Archive for July, 2011

When I was a child, I kept a journal infrequently.  I’d write a few sentences…nothing too exciting.  By the time I turned 12 I started writing more often, and my teenage years got even more frequent entries.

my journal cover               my journal inside cover

These journal entries are silly…fluffy…embarrassing…and hilarious to read now, looking back.  They’re full of crushes on boys; my hopes and fears; incidents from my daily life, both mundane and earth-shattering.  They also show some things I was truly sad about.  I wrote about them as I wanted, giving full sway to my feelings because, hey, these were totally private, right?  No one would EVER read them…unless I gave my kids permission to read them when they were old enough.

This seems like a basic truth, or right, that everyone on earth should have: their own right to privacy in their thoughts and feelings…their private thoughts, kept in a private journal, diary, or notebook, contained safely away from prying eyes, not something that anyone else should ever see unless the writer chooses to share.

My friend Susan Cox Powell kept many journals during her teenage years and beyond.  She filled volumes with her private thoughts, her private feelings.  Her hopes, her dreams…probably a lot of angst…teenage melodrama, fun, anger.  She felt free to vent her feelings and thoughts in those journals, secure in the knowledge that they were safe to her.  She may have at some future point chosen to share those journals with her sons, but she certainly never read even one page of those journals to her closest friends or even her family.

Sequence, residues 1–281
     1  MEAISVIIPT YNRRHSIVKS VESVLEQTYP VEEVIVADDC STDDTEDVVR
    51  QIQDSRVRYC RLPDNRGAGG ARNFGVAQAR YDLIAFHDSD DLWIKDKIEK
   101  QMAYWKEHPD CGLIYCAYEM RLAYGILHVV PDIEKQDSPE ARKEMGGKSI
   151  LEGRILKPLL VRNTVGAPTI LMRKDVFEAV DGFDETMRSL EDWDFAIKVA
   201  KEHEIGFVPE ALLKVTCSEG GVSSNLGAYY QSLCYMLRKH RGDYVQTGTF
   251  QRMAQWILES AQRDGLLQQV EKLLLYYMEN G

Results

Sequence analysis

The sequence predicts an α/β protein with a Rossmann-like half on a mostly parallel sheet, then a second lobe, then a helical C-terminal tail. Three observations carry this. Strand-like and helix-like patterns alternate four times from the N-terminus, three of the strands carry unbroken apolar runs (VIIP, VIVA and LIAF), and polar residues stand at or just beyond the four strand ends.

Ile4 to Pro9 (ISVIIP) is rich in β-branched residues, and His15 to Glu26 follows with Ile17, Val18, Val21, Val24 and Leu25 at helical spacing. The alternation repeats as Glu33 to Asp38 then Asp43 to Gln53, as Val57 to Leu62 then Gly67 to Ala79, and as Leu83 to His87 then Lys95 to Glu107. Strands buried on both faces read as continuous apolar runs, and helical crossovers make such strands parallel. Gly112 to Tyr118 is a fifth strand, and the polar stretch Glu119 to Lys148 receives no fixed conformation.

Now Susan is gone: missing, disappeared, snatched from her boys, her parents and sisters, her friends, her life.  She has been missing for 19 months without a trace.  Susan’s parents have nothing left of her but memories and photographs.  They don’t even have her sons—Susan’s husband Josh has denied them access to even visit their own grandsons. 

Who has Susan’s journals?  Is it her parents, who respected Susan’s right to privacy and never read her journals? 

NO.  Susan’s private journals—the diaries of a teen girl—are in the hands of the Josh and Steve Powell family. 

Do the Powells respect the privacy and sanctity of her journals?  Do they offer, out of the kindness of their hearts, to give these journals to the Cox family for safekeeping?  Do they keep them stored away safely, so her sons could read them someday and get to know their mother, who was ripped away from them?

NO.  The Powells READ Susan’s journals.  Her father-in-law, Steve Powell—a man who should be trying to find Susan, and who should be cooperating with the police, and urging his son, Josh Powell, to cooperate with police—has gone on national television, not once, but twice, most recently this morning on the NBC Today show—to announce to the world that he has not only READ all of Susan’s private teenage journals, but he is planning to publish them on a new website, starting this week.

What kind of a man does this?

What kind of a person not only violates the sacred privacy of a young girl by reading her thoughts…thoughts that she wrote down before she ever met Josh, his father, or anyone in his family…but also decides he’s going to publish her private thoughts to the entire world?

Susan is gone.  She was taken away from all she holds dear.  Her family and friends are heartbroken, and her sons are without their mother.  She is not here to be her own voice, to stand up in defense of her thoughts, her feelings, her past actions, her life.